With so many options for real estate inventors to invest in today, how does one identify the right partner or company to invest in? The purpose of this article is to provide you with a set of criteria to evaluate any investment opportunities you may be considering and the people operating them.
Real estate investors can be grouped into two broad categories:
1. Active Investors: These are companies or individuals that are managing the day-to-day operations of real estate investment opportunities or businesses.
2. Passive Investors: There are companies or individuals that invest capital in real estate investment opportunities, but are not responsible for managing the day-to-day operations of the investment.
This article is geared towards passive investors that are searching for active investors or companies to invest in within a specific asset class or strategy.
Six Criteria You Should Use To Assess Which Real Estate Investment Firm or Person To Invest With
1. Core business - Is it their primary business and area of expertise?
In order to mitigate your investment risk, you will want to ensure the person or company you are investing with is primarily focused on the investment strategy being evaluated. If this is not the case, you may want to consider another partner or operator to invest your capital with.
Ideally, you want the person or company that you are entrusting your capital with to thinking and acting in the business daily.
2. Track record - Do they have a track record?
In addition to making it a primary focus of the business, ensure the active investing entity has successfully executed on the strategy before. As more active real estate investors continue to appear as options for passive investors, it is in your best interest to work with those that have the required experience to ensure your capital is safe and will generate your desired return.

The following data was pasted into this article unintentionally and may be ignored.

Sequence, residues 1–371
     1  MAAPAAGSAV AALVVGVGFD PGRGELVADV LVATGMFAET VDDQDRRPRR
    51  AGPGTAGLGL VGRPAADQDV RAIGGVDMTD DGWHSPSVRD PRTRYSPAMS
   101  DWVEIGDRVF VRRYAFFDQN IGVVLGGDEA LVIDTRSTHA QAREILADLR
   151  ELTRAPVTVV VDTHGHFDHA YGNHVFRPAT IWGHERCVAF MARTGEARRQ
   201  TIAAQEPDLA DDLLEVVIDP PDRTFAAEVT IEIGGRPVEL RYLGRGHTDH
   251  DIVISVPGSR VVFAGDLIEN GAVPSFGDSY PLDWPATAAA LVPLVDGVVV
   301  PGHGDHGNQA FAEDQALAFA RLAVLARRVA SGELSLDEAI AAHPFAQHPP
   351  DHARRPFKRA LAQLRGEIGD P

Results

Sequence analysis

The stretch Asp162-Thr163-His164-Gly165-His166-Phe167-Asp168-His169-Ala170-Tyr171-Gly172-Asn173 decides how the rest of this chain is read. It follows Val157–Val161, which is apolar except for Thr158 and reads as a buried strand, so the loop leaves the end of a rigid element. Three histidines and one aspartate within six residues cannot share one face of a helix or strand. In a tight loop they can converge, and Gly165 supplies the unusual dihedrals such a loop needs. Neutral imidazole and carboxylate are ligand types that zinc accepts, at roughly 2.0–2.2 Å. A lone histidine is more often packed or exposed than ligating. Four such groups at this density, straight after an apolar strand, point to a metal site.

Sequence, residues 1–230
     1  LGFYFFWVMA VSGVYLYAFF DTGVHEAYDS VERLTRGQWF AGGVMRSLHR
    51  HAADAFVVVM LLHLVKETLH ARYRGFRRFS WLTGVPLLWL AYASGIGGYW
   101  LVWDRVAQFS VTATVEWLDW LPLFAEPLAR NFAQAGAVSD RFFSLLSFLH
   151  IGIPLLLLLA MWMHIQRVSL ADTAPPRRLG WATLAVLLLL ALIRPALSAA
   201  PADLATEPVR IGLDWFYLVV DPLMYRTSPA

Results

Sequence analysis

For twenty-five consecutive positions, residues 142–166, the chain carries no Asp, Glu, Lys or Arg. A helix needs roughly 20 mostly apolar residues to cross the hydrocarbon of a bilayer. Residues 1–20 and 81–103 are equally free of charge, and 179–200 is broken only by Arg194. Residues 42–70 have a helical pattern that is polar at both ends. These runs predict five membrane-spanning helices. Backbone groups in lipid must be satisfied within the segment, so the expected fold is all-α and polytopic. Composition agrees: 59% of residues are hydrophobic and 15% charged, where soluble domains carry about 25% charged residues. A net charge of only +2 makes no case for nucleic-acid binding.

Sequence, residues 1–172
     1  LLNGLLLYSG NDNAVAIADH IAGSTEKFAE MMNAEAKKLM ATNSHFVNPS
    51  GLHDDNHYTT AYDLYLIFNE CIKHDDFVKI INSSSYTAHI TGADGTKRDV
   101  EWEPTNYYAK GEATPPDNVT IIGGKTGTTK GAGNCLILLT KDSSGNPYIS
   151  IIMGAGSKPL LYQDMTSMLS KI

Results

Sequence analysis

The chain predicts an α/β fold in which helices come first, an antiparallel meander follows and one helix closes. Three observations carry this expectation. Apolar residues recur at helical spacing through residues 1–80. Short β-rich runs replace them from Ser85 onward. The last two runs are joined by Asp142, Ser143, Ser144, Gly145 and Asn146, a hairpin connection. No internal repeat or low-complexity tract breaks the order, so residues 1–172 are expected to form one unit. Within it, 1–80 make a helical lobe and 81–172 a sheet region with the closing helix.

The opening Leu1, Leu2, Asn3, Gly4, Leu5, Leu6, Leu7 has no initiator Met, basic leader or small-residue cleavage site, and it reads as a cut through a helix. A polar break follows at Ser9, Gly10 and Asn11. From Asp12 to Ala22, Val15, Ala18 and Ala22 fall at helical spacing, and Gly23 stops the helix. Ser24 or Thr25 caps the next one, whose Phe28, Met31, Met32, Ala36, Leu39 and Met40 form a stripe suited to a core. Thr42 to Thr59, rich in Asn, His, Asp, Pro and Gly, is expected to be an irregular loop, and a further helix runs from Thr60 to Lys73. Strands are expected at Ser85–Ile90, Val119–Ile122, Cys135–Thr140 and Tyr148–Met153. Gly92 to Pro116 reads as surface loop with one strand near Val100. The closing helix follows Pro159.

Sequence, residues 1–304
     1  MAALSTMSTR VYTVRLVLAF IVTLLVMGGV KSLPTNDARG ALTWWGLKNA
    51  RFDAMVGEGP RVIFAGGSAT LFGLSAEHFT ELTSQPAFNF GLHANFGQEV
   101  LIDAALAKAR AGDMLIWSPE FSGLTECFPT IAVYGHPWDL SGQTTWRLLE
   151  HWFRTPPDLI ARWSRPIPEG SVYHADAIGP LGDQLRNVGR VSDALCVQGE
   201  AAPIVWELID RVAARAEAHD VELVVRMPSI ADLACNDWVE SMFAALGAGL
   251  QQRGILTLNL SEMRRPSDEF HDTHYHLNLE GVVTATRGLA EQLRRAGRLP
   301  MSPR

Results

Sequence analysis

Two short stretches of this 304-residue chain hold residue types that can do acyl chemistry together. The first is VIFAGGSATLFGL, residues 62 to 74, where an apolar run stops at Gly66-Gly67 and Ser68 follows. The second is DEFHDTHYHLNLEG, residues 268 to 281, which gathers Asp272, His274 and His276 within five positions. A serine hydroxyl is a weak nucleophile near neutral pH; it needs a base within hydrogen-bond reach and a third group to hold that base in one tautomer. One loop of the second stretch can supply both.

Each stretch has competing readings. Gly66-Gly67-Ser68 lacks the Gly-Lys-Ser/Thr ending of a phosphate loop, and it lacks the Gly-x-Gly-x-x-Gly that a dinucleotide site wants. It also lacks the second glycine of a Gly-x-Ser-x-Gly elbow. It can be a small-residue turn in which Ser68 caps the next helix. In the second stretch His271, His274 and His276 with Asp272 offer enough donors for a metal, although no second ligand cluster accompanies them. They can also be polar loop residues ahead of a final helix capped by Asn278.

Here are few questions you can ask active investors you are considering investing with:
- How many projects have you successfully exited?
- What problems or issues have you experienced in previous projects that you have learned from?
- Be weary of “perfection”; it doesn’t exist. The purpose of this question is to assess how they have handled problems in the past but also to ascertain honesty and trustworthiness.
- How many years of experience do you and your team have?
- See the next point for the importance of having a team.
3. Support systems and team - Do they have support systems and a strong team in place?
No one has achieved success without the help of others. No matter what social media and the rise of celebrity entrepreneurs may have you think, successful businesses are always the culmination of strong collaboration and teamwork—real estate investing is no different.
To ensure you are investing in an experienced team of investors, ask the following:
- How do you plan on managing the investment through the duration of the investment period?
- Run away from operators that say they are doing it all themselves. This is not the sign of a well-run investment business, but more likely to be a side-hustle or hobby of the operator.
- The active investor should be able to detail who is responsible for each part of the execution strategy. Your job will be to assess how experienced you believe they are in executing the plan.
- How do you plan on managing the property?